By Liana Chase
I have just finished six months of fieldwork in Devon and already I am missing the ocean air and the stark beauty of Dartmoor. Working in a local POD team in Devon for this period has been eye-opening on multiple levels. On one hand, I have been in awe of the way people engage with the natural environment as a powerful therapeutic resource. My POD network meetings were full of references to cold water swimming, long walks on the moor, and hikes along coastal footpaths; helping me to see more clearly what I had been missing with years of city living.
On the other hand, I was surprised to learn that despite this natural richness Devon possesses pockets of severe socioeconomic deprivation. In fact, it includes some of the most deprived local authority areas in England, where residents face high rates of exposure to adversity and trauma, complex and long-term health conditions, and poor health outcomes. I was moved by stories shared with me of intergenerational struggles with poverty and the suffering this has engendered.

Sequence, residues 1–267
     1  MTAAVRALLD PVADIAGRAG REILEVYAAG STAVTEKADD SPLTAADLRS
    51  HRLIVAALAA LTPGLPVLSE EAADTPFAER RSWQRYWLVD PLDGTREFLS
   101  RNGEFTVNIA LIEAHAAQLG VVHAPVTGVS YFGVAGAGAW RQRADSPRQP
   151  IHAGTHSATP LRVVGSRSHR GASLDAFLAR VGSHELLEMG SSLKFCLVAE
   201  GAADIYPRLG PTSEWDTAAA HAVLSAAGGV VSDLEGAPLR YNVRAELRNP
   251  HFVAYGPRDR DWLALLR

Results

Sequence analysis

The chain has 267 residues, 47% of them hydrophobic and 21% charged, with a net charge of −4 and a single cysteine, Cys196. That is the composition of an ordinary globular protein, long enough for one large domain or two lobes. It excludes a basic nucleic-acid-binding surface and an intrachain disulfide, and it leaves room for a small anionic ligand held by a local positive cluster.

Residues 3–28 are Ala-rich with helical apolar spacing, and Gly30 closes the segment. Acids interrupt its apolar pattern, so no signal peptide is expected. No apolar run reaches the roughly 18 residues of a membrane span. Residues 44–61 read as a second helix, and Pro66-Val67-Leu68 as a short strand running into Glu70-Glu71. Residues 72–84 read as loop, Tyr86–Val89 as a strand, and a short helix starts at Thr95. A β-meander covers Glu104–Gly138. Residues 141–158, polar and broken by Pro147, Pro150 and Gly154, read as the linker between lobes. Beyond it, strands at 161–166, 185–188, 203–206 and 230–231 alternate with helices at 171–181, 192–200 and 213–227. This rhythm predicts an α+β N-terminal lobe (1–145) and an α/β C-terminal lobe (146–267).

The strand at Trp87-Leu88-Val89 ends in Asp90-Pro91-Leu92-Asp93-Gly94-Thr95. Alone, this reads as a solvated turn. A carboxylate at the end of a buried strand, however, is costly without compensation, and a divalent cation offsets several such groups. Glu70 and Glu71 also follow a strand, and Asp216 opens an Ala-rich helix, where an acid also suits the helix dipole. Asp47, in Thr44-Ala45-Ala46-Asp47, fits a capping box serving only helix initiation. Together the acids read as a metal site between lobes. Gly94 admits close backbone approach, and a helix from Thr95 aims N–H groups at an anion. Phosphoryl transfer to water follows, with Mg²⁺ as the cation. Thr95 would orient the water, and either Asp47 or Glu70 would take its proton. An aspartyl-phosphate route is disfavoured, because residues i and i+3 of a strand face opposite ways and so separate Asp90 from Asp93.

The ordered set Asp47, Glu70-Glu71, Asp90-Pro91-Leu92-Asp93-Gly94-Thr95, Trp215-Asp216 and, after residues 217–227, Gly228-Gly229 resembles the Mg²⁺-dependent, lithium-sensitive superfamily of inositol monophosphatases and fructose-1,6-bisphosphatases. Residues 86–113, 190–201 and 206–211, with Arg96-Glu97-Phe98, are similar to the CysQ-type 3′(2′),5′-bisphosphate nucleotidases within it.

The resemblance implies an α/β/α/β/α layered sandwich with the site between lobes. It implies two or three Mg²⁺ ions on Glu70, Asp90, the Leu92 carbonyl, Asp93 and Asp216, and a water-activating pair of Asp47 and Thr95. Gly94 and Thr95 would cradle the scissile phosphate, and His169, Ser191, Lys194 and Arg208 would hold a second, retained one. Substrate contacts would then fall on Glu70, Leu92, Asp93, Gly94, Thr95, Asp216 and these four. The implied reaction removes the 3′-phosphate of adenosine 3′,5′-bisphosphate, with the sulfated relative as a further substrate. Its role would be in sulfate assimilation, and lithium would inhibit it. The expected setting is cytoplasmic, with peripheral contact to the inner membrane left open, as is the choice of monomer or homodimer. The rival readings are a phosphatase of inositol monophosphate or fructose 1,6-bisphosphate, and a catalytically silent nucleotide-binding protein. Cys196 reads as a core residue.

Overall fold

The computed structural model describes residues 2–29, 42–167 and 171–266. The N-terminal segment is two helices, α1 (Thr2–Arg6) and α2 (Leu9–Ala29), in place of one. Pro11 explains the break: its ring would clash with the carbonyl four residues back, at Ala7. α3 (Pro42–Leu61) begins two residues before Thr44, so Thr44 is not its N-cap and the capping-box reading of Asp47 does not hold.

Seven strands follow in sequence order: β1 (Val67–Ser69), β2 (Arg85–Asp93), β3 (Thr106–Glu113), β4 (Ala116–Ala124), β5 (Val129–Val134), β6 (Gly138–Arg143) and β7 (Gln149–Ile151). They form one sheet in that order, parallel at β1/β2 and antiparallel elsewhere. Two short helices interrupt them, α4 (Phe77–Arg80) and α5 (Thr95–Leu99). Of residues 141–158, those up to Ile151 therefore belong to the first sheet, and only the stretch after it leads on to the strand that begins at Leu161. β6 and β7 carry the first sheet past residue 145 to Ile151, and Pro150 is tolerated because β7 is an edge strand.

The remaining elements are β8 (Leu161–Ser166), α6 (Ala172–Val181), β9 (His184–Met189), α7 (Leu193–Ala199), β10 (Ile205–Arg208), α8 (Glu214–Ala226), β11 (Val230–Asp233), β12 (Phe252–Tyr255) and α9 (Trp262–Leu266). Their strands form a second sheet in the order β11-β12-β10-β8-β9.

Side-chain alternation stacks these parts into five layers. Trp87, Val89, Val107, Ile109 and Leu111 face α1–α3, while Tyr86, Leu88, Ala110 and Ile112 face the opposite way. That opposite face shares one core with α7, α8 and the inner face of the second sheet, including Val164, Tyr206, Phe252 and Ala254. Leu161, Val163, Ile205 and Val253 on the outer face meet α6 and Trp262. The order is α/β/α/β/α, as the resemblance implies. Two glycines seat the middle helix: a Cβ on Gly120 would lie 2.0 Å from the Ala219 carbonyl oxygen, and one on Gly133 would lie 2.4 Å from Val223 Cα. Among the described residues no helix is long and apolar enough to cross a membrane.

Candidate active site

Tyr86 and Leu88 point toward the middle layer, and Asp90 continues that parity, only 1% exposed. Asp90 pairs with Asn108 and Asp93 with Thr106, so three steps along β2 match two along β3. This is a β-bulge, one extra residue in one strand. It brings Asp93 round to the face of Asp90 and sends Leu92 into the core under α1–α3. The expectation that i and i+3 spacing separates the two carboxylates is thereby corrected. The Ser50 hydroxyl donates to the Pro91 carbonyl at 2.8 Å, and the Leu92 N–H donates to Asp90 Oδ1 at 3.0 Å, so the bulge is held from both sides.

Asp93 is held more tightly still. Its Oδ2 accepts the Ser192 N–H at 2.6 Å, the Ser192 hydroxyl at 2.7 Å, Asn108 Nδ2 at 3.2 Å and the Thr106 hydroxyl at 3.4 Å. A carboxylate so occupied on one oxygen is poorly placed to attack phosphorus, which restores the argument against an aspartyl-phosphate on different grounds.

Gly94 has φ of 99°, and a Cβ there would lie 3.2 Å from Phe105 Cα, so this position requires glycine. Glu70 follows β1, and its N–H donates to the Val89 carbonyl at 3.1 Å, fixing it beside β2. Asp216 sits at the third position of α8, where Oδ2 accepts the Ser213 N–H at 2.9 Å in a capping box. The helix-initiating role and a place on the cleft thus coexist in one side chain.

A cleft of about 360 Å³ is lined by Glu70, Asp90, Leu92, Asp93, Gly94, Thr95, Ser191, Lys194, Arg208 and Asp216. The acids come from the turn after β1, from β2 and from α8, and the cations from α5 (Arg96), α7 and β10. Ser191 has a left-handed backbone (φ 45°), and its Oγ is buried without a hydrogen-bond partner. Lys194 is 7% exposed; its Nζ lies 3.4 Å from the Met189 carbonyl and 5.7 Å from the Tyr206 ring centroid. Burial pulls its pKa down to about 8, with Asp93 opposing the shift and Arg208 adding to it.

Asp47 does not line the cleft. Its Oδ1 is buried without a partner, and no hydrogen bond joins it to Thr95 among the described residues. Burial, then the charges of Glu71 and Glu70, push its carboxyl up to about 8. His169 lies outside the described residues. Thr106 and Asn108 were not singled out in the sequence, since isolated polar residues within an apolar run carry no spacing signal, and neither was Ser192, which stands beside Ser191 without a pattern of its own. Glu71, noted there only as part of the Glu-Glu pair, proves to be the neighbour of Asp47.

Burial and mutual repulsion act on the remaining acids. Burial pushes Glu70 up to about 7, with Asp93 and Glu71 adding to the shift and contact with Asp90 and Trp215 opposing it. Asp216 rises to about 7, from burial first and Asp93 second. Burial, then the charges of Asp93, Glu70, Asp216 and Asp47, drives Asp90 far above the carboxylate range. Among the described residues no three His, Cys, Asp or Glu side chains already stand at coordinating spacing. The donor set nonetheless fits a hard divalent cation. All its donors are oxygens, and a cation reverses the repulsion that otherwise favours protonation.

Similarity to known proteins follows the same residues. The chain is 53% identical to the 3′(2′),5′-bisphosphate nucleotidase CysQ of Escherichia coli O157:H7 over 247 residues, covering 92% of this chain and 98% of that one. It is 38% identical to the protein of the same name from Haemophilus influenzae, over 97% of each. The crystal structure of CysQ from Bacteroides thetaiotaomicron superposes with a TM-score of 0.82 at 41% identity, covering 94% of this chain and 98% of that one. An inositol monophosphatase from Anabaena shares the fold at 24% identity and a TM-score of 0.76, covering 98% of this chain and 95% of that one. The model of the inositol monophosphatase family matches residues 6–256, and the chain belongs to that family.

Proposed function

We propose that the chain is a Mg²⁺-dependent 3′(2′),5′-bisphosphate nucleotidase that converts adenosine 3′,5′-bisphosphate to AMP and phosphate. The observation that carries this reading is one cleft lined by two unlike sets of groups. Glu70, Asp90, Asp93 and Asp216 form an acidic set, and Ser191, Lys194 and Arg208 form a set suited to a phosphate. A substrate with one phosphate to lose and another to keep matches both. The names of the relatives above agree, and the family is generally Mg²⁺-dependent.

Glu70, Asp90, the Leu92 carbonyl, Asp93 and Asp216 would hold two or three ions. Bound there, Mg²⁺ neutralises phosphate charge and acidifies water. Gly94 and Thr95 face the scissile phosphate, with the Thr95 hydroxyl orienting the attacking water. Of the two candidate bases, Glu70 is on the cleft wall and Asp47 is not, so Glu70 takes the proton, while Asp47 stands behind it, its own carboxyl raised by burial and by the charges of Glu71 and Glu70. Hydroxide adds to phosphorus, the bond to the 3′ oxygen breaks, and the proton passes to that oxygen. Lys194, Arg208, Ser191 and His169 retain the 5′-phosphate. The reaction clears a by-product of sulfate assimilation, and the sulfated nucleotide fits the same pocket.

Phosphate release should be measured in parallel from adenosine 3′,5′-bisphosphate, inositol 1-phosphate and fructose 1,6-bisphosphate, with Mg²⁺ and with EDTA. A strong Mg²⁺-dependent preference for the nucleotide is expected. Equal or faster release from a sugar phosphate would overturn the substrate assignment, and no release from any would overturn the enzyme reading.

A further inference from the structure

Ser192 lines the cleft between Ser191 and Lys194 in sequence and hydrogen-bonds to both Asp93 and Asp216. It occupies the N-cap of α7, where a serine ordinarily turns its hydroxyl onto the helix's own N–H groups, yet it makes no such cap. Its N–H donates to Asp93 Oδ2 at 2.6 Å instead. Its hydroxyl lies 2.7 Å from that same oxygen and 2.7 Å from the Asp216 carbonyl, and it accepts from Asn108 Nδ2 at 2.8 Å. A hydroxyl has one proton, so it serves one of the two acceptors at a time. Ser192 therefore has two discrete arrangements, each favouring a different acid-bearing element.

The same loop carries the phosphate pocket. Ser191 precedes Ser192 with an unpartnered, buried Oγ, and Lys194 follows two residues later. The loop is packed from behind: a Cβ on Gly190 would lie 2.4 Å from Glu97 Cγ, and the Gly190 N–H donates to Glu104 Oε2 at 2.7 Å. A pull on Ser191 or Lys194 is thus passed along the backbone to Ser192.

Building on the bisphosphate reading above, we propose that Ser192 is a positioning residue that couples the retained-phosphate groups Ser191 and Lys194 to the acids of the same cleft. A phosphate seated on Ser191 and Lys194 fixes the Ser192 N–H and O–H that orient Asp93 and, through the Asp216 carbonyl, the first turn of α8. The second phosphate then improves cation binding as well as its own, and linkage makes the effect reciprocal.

As I transition out of fieldwork mode to begin data analysis, I am left feeling deeply humbled by my time working with frontline clinicians and peer support workers delivering POD in the NHS. Over the last 18 months I have been amazed not only by the immense difficulty of this work, but also by the strength and dedication of colleagues who are continually striving to do it better. I’m looking forward to producing research outputs that spread the word about their efforts and perspectives.